Tell your DBA that you’re going to be using an ORM like Entity Framework (EF) and they’ll probably cry. Performance is going to be impacted negatively. Your DBA probably spent some time optimising and tuning the database and you just kicked them in the nuts by add overhead to every request. I’m sure you were doing it because you could develop faster with an ORM and you didn’t want to get your hands dirty with stored procedures or raw SQL. That’s understandable but I’d rather play to the strengths of a domain-specific language like SQL. Using an ORM is a lot like relying on jQuery, you might not need jQuery and you probably don’t need a lot of the features of an ORM. A Micro-ORM might work for you. ##Micro-ORM?
The problem I’m trying to solve is to quickly map a database object to a POCO, the ORM deals with converting between incompatible types. Ideally it will give you a 1:1 mapping between tables and objects. I can deal with the CRUD operations in SQL so I don’t really need the ORM to do that. This is where Micro-ORMs come in, if you’re looking for a comparison then Andrew West covered Dapper, Massive and PetaPoco a few year ago. I’ve chosen to go with Dapper because it’s focussed on performance and slow pages damage how users perceive your content, design and navigation so it should be a priority for you. Also it’s very close to the performance you’d get using more manual SqlDataReader approach as you can see from one of the performance benchmarks below.
Method Duration Hand coded (using a SqlDataReader) 47ms Dapper ExecuteMapperQuery 49ms ServiceStack.OrmLite (QueryById) 50ms PetaPoco 52ms BLToolkit 80ms SubSonic CodingHorror 107ms NHibernate SQL 104ms Linq 2 SQL ExecuteQuery 181ms Entity framework ExecuteStoreQuery 631ms
##The hard way: SQLDataReader
I’d recommend you have a look at how to do things with SqlDataReader as some of the concepts are similar, the main one being you’re dealing with a stream of data so order is important. Well, I don’t want Fop, goddammit. I’m a Dapper Dan man ##Why use Dapper?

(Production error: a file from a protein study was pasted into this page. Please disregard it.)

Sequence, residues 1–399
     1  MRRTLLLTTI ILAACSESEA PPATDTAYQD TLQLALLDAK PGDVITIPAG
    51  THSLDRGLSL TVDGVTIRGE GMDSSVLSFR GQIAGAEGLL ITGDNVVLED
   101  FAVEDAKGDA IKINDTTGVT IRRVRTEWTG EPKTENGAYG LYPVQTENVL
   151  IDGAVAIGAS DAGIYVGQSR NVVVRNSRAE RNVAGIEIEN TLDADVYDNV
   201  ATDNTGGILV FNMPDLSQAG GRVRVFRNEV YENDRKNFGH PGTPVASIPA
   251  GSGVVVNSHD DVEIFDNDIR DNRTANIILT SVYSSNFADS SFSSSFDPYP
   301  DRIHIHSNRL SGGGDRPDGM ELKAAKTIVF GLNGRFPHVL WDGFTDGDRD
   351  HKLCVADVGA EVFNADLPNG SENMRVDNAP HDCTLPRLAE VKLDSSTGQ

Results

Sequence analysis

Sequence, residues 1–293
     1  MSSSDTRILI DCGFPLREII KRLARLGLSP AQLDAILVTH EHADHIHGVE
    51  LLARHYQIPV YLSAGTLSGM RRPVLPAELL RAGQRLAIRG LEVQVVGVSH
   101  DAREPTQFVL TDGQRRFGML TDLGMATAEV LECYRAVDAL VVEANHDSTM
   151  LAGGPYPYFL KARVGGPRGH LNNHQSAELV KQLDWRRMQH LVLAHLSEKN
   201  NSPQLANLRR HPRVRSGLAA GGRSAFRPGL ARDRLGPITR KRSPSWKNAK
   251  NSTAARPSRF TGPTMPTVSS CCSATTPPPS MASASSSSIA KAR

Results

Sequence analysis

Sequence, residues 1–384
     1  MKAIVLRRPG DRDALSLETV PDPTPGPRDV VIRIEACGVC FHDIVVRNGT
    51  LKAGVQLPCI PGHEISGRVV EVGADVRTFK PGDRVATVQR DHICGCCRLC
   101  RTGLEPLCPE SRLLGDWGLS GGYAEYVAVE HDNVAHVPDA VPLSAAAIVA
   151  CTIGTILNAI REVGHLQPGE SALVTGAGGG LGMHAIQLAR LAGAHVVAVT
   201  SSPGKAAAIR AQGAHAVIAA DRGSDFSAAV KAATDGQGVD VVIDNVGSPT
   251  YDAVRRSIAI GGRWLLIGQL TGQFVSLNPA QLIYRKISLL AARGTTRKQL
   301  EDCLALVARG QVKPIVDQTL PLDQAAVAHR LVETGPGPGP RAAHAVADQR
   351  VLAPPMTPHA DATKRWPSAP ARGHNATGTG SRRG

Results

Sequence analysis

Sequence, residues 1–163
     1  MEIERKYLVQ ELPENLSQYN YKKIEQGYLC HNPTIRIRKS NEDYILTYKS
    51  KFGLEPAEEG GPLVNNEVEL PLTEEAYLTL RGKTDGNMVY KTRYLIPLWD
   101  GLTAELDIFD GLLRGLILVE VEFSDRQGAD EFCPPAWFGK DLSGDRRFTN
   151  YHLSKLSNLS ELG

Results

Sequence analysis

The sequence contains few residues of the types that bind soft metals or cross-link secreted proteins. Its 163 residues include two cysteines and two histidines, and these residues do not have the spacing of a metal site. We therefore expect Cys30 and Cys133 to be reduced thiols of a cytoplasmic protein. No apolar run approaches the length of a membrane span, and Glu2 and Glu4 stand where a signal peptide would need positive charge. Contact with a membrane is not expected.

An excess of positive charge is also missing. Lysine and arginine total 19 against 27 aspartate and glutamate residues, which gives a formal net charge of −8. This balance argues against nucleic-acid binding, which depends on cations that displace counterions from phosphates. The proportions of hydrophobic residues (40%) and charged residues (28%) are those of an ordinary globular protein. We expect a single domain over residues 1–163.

Apart from the performance? Well, it’s been well tested by StackOverflow and it’s pretty mature now. Sam Saffron wrote about how he came to write his own ORM and his challenges with LINQ-2-SQL. Although he has now left StackOverflow it appears to be actively maintained by Marc Gavell and available for free under the Apache Licence 2.0 or MIT Licence. ###My use case
It worth mentioning my main use case doesn’t really fit with the original purpose of Dapper but luckily as time passed full support for stored procedures has been added. ###Main features of Dapper
Of course object mapping is the main feature but it also supports lists, buffering, mapping to multiple object, dealing with multiple result sets and all that while being database independent. Matt Roberts uses mysql and I use SQL Server without any problems. ###It’s not perfect
But that’s fine, nothing is. The documentation is a bit ropey, but I hope to cover some of the discoveries I’ve made. Unfortunately it relies too much on the unit tests as a means of documenting the features and, of course, asking the right questions on StackOverflow. ##Next Up…
Dapper is just a single file you can drop into your project and it’s really easy get up and running. I’ll cover more in the next Setup post.